- sustainability programs - working with our community to become the most sustainable city in the world; supporting residents, workers, visitors and businesses to take environmental action; advocating for effective environmental policy at all levels of government; current programs drive environmental performance, resilience and action on climate change with businesses and residents to help our community meet our sustainability targets.
- programs that help our local economies grow:
- financial and operational planning, analysis and management, including integrated planning and reporting, financial planning and reporting, procurement, and rates
- strategies and programs to help the City of Sydney function effectively, including:
- communications to support our community and our organisation, including media, marketing, social media, content production, audience insights, design and web, promoting the City of Sydney’s services, people and priorities
- visions, policies, strategies and technical guidelines for the public domain and urban design strategies that shape our built environment, landscape and future public art, such as:
- responsible environmental excellence
- major transformation projects, such as:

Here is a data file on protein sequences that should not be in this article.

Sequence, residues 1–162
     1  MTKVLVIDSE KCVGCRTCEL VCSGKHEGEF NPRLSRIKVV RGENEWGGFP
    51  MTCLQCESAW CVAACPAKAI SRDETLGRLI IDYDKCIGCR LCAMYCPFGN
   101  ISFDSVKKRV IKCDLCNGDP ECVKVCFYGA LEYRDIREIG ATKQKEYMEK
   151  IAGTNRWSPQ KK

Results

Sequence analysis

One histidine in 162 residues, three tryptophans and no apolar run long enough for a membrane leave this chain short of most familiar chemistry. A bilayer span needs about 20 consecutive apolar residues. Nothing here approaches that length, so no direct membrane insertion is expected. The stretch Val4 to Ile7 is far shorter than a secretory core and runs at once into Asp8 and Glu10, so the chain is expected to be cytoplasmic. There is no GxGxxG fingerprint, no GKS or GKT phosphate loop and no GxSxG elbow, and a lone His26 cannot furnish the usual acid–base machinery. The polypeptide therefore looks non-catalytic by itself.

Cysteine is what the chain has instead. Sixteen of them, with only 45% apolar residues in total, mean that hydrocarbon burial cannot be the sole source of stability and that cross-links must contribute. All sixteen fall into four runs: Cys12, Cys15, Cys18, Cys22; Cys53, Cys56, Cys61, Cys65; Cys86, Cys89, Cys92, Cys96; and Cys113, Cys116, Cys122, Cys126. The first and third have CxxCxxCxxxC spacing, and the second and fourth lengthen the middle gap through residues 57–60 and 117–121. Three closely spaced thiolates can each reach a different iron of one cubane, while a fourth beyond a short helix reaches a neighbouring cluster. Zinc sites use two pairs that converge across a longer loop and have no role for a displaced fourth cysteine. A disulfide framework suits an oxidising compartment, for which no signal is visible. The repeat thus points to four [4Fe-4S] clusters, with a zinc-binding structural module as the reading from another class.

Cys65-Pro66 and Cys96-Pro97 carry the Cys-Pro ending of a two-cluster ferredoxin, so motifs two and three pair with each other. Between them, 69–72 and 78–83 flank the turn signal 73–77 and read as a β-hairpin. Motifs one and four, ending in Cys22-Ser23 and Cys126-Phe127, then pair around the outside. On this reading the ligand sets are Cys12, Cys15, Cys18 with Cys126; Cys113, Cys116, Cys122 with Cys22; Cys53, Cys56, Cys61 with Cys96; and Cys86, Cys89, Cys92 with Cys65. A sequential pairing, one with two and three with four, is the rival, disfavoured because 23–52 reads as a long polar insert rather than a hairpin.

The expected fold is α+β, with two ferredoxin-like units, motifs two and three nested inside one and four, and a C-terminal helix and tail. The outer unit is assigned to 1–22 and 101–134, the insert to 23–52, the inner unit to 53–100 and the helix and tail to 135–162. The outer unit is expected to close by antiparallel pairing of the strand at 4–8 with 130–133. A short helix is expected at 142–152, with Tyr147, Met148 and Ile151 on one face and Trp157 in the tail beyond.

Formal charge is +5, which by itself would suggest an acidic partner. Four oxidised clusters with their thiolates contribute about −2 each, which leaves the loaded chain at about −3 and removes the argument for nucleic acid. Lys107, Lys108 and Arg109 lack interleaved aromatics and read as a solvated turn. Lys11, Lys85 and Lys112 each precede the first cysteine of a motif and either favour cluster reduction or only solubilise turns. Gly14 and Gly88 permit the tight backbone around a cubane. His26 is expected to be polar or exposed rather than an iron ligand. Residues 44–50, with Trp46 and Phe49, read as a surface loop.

- projects that contribute to the water savings and emission reduction targets which are in the environmental action strategy and action plan and Sustainable Sydney 2030
- the implementation of the Green Square placemaking framework and action plan and the delivery of community facilities and public domain projects in the Green Square and Ashmore precinct urban renewal areas
- engagement with the City of Sydney’s Aboriginal and Torres Strait Islander communities
- project management standards
- Resilient Sydney, which is hosted by the City of Sydney on behalf of all 33 councils of metropolitan Sydney, implementing the Resilient Sydney Strategy aligned with the global Resilient Cities Network (formerly 100 Resilient Cities)
- community and stakeholder engagement to involve community members in decisions that affect their lives
- evidence, analysis, modelling and forecasting to devise insights and set our strategic direction for social sustainability, cultural and economic development, smart cities and asset management.
- development in the city, including spatial planning, administering the design excellence program through development assessments, urban design, building compliance, environmental health and construction liaison services, transport planning and transport policy advice, such as:
- transport strategies, actions and projects
- approval and control of building activity on private land and public spaces